Study Reveals the Genetic Origins of Red Hair
Study Reveals the Genetic Origins of Red Hair
Study Reveals the Genetic Origins of Red Hair
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Study Reveals the Genetic Origins of Red Hair

Scottish researchers have identified the eight genes that are responsible for the reddish colour of hair as well as the 200 other genetic differences that are linked to blond, brown or even chestnut-coloured hair variants.

Sometimes mocked, sometimes admired for their fiery hair, redheads hold a secret that geneticists have, until now, struggled to find the answer to. But that’s finally over, as a study published in December 2018 in the Nature Communications journal reveals.

There are eight. Eight genes that are responsible for the redness of some people’s hair and their freckles. Whereas previously, there was only one gene - MC1R - that was suspected to cause reddish hair, a team from the University of Edinburgh, Scotland, has revealed that eight other genes are also involved.

A major study

During the course of their study, geneticists analysed genetic data taken from nearly 350,000 people. This data was collected during the UK Biobank study, a vast program that started back in 2006 to gain a better understanding of the role of genetic predispositions in the appearance of certain pathologies.

By comparing the genes of redheads with those collected from men and women with brown or chestnut-coloured hair, researchers were able to identify eight sequences that were specific to redheads. They found that some of these eight genes work by controlling when the MC1R gene, the gene supposedly responsible for giving redheads their flamboyant, fiery hair, is turned on or off.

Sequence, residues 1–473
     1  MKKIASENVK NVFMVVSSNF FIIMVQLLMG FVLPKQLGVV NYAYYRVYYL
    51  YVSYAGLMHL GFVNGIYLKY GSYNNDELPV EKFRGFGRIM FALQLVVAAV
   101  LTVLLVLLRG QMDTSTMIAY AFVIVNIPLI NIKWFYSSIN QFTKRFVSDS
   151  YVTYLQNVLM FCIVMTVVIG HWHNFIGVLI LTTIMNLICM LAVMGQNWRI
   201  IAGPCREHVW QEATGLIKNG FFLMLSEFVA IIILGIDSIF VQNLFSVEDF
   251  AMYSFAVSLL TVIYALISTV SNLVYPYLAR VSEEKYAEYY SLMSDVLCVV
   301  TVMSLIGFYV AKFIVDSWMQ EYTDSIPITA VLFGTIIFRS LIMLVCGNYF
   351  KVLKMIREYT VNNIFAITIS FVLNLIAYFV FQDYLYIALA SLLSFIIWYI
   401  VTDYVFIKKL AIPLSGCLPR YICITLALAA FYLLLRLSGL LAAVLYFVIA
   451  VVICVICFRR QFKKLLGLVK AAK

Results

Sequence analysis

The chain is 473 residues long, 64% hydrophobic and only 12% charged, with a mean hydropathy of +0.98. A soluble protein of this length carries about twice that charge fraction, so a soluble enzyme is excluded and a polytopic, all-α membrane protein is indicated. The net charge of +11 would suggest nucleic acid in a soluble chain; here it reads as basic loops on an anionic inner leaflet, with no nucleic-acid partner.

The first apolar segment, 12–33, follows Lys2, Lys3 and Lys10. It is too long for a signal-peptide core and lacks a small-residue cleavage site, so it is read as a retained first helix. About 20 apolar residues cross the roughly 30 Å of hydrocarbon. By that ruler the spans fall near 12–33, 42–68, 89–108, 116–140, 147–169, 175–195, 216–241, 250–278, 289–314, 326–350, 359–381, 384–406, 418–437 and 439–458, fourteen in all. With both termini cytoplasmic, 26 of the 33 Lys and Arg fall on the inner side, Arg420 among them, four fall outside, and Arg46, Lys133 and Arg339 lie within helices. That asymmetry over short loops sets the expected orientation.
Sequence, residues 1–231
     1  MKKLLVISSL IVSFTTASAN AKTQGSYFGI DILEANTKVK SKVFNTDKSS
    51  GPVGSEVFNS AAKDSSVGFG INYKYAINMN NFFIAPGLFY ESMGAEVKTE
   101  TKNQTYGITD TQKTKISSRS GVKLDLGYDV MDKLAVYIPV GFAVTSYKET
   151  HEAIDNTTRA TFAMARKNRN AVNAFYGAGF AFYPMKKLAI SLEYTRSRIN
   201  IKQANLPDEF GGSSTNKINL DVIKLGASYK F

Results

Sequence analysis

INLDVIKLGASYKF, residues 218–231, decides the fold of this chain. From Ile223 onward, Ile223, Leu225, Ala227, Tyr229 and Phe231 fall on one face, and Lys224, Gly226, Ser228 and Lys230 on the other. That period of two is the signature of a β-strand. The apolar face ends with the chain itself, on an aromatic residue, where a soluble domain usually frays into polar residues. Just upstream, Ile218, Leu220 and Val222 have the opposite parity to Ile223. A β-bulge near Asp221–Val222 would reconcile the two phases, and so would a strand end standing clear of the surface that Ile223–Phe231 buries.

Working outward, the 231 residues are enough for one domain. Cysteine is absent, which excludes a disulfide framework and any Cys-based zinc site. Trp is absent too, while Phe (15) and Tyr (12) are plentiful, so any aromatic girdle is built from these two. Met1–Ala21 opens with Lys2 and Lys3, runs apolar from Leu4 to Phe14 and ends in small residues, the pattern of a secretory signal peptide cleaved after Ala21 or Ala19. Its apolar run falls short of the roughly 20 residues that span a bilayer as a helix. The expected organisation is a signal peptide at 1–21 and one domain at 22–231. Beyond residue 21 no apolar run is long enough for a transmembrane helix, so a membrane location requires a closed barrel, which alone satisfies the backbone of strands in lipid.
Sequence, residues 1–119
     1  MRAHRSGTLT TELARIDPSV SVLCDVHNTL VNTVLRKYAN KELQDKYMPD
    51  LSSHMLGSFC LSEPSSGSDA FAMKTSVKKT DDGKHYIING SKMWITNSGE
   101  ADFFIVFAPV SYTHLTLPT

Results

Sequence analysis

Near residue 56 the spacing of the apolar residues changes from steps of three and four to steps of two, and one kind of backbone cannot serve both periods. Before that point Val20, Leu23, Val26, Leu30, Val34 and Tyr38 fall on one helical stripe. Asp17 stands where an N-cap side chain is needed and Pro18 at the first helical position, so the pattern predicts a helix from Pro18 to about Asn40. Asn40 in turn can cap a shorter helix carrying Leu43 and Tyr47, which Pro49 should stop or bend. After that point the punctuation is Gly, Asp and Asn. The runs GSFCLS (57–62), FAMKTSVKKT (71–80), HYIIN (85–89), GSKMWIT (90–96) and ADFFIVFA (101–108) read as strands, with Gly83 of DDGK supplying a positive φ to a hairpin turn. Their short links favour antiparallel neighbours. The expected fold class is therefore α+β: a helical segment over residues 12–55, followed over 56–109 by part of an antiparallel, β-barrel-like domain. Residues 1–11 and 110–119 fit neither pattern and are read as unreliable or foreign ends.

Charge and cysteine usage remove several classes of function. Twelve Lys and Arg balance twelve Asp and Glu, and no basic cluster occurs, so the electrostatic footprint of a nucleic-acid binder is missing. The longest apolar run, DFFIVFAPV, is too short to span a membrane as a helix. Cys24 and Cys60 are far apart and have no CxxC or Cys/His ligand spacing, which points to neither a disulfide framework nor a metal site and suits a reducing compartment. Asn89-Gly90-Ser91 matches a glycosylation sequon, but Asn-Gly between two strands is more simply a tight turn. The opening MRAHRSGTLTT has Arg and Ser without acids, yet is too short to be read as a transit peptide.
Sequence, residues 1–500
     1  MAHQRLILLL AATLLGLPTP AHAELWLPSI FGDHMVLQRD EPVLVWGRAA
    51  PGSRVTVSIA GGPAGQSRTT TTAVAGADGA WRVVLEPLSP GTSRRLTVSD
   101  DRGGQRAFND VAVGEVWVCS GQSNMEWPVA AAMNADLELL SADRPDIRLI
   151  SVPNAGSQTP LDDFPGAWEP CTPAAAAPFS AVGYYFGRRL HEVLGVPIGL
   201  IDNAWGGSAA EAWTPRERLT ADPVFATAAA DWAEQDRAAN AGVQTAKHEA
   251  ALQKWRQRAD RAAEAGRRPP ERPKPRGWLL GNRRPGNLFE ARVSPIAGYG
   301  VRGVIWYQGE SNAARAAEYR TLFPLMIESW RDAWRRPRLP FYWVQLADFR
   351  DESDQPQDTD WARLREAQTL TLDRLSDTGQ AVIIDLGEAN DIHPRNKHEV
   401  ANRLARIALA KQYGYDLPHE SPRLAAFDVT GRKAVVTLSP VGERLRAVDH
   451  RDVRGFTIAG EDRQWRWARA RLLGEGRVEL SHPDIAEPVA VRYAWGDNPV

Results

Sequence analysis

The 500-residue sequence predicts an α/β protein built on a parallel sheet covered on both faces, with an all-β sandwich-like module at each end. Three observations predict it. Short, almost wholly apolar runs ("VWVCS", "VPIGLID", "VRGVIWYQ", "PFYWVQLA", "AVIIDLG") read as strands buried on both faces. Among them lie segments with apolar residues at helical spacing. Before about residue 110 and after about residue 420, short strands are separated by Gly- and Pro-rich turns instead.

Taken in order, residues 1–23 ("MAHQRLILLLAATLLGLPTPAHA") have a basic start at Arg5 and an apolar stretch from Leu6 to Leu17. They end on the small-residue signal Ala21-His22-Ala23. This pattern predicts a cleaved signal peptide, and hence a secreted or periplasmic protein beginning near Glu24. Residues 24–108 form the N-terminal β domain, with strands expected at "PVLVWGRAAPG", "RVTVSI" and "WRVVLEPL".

‘We are very pleased that this work has unravelled most of the genetic variation contributing to differences in hair colour among people,’ said Albert Tenesa, one of the study’s researchers from the Roslin Institute at the University of Edinburgh.

Blonds and brunettes were also studied

However, the study didn’t just end when the geneticists identified these eight new genes involved in red hair, but they also went on to discover around 200 other genes, variants of which sometimes lead to blond and brown hair.

Of these 200 genetic differences, many did not involve variation in pigmentation, but rather in hair texture instead. This was an astonishing discovery for the researchers who also managed to identify the genes responsible for curls that give some people’s hair volume and bounce and those responsible for straight hair as well.

‘It has provided fascinating insights into what makes us such distinct individuals,’ concludes Melanie Welham, Executive Chairman of the Biotechnology and Biology Sciences Research Council (BBSRC), one of the seven research councils in the UK.

By Lindsay Wilson

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